Knotted, Torn, Scattered

Sculpture after Abstract Expressionism

The Solomon R. Guggenheim Museum
1071 Fifth Avenue
Visitors must reserve timed tickets in advance.
New York
Upper East Side
Oct 3rd 2020 — Sep 19th 2021

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Drawn from the Guggenheim collection, the artists on view in “Knotted, Torn, Scattered”—Lynda Benglis, Maren Hassinger, Robert Morris, Senga Nengudi, Richard Serra, and Tony Smith—respond to the legacy of post-war abstract expressionist painting through sculpture.

Like the spirited dashes of abstract expressionism painting, Morris’s layered felt sculptures give way to gravity, but traces of the hand are largely elided. This is in stark contrast to Benglis’s Juliet (1974) nearby, which is knotted, paint-streaked, and belabored; its title calls to mind the tortured lead of Shakespeare. The artists also work together in unexpected ways: Nengudi employs Hassenger to activate her nylon pantyhose installations. Serra’s Belts (1966-7)[pictured] is perhaps the most explicit link to Abstract Expressionism: he describes the work as an attempt to draw a three-dimensional Jackson Pollock, and its neon element draws a bright line in space. Pollock, the inarguable lodestar of the exhibition, is not present in the gallery—but, this being the Guggenheim, the monumental Mural (1943) hangs right next door.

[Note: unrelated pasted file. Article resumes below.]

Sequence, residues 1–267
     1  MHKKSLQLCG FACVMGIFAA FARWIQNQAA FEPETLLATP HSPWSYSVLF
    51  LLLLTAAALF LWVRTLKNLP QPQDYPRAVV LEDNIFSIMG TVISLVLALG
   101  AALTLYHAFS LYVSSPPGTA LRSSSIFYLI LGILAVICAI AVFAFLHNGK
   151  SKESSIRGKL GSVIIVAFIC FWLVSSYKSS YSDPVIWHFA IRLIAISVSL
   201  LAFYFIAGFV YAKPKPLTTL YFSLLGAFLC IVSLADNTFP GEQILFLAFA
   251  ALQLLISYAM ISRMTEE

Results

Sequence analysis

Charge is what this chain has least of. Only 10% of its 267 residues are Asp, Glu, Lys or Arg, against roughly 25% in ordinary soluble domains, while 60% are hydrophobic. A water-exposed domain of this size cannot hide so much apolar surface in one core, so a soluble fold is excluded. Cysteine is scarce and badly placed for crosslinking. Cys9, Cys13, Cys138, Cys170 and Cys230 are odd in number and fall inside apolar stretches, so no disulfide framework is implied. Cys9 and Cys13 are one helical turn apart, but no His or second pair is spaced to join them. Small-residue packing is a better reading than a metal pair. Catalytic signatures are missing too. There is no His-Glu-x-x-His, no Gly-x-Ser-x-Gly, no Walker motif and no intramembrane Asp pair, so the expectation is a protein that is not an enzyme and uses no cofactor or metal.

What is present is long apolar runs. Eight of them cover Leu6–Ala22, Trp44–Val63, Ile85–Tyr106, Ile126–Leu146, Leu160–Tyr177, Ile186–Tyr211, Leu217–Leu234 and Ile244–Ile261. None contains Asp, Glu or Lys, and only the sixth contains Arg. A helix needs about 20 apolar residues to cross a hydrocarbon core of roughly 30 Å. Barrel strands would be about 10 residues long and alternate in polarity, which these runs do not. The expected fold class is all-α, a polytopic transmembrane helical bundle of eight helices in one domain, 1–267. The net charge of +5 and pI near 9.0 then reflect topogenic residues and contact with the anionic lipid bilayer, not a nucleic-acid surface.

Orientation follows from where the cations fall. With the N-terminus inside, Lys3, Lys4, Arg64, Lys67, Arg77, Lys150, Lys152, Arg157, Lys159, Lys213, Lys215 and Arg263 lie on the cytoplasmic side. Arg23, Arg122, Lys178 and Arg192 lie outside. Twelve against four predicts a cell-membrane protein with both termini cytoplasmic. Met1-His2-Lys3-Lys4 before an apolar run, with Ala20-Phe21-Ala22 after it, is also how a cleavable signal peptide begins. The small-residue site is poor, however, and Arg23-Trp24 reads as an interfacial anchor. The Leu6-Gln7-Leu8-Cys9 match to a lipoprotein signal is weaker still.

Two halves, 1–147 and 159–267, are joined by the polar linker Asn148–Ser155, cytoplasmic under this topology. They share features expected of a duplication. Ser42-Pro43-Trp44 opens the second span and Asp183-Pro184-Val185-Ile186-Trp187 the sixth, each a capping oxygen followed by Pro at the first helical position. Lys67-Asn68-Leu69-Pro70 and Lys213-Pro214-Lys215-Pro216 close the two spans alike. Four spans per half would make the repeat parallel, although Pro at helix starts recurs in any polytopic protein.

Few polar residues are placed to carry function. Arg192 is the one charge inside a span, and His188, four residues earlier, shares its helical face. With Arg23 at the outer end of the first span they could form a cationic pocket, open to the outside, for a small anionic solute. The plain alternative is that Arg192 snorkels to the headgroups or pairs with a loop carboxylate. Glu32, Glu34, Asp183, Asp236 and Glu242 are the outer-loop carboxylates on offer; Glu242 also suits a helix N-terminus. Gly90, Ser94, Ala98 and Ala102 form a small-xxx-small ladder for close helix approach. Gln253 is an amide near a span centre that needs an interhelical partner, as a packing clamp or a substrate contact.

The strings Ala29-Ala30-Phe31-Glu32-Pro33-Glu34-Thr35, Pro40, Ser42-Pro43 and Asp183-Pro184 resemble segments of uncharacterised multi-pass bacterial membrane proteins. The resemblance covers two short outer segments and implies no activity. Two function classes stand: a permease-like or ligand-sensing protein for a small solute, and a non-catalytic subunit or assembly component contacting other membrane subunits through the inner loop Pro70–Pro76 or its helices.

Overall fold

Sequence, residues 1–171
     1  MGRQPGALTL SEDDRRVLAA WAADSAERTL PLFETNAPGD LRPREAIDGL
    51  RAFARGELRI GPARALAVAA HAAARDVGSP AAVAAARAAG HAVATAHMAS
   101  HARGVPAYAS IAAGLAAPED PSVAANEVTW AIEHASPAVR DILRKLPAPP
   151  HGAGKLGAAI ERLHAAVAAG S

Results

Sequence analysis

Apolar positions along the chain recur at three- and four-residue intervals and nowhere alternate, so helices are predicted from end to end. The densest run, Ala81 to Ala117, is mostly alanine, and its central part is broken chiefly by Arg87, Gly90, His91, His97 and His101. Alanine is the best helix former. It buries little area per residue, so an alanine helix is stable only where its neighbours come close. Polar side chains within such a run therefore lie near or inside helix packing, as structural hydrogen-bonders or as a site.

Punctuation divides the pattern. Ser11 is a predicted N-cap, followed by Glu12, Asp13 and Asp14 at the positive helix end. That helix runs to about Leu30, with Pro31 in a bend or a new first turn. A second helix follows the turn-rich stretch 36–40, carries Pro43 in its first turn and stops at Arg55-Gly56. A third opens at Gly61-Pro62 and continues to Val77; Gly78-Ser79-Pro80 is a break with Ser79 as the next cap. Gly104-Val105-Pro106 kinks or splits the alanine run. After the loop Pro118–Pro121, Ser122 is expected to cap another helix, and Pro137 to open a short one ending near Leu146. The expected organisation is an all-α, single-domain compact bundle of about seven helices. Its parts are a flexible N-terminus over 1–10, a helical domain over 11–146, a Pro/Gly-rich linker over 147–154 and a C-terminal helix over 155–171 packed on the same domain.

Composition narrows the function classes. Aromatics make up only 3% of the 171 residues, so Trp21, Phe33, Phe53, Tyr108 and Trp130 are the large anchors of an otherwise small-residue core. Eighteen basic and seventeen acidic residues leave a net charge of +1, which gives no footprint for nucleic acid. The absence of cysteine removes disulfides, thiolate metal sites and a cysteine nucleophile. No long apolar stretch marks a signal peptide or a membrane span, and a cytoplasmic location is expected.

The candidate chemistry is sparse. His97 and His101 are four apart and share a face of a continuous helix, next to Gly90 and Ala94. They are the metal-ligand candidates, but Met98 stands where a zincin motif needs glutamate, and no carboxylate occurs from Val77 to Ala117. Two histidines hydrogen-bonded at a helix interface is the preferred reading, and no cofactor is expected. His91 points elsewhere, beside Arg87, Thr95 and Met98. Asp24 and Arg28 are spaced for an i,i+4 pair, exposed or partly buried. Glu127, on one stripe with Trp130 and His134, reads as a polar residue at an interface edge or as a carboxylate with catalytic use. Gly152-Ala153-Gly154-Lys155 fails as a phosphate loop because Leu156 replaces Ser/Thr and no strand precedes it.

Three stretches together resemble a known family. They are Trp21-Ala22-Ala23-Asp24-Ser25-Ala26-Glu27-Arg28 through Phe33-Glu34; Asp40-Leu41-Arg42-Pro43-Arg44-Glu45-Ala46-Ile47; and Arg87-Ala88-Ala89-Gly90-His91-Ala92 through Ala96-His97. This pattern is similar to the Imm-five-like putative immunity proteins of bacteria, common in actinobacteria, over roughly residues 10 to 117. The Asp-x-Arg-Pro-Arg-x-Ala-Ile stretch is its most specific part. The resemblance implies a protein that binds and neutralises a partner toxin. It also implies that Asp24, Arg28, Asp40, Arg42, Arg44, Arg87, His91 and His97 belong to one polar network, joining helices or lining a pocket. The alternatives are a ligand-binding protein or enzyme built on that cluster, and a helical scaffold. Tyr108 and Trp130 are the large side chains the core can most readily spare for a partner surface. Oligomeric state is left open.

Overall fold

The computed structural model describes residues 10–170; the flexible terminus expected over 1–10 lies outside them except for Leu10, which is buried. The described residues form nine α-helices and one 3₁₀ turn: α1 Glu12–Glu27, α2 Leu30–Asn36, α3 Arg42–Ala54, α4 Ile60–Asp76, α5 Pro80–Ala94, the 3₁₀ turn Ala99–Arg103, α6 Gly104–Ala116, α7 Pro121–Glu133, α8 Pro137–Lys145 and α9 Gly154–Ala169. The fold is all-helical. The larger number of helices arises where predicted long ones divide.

Richard Serra, Belts, 1966–67. Vulcanized rubber and neon, approximately 6 feet 8 inches x 16 feet 6 inches x 1 foot 8 inches (203.2 x 502.9 x 50.8 cm). Solomon R. Guggenheim Museum, New York, Panza Collection, 91.3863. © 2020 Richard Serra / Artists Rights Society (ARS), New York.